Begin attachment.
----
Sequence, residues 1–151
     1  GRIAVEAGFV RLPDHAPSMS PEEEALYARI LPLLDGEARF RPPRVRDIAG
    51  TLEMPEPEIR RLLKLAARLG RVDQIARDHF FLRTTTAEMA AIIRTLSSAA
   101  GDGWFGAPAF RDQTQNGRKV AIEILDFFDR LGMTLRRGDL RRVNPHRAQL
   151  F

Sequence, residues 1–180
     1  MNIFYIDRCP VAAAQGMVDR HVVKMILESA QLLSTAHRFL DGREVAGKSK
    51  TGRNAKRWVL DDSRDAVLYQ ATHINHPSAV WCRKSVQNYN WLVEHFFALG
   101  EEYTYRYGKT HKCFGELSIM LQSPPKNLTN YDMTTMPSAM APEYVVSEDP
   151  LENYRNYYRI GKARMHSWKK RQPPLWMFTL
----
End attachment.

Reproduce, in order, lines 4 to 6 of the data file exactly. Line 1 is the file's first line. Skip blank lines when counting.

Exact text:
   101  GDGWFGAPAF RDQTQNGRKV AIEILDFFDR LGMTLRRGDL RRVNPHRAQL
   151  F

Sequence, residues 1–180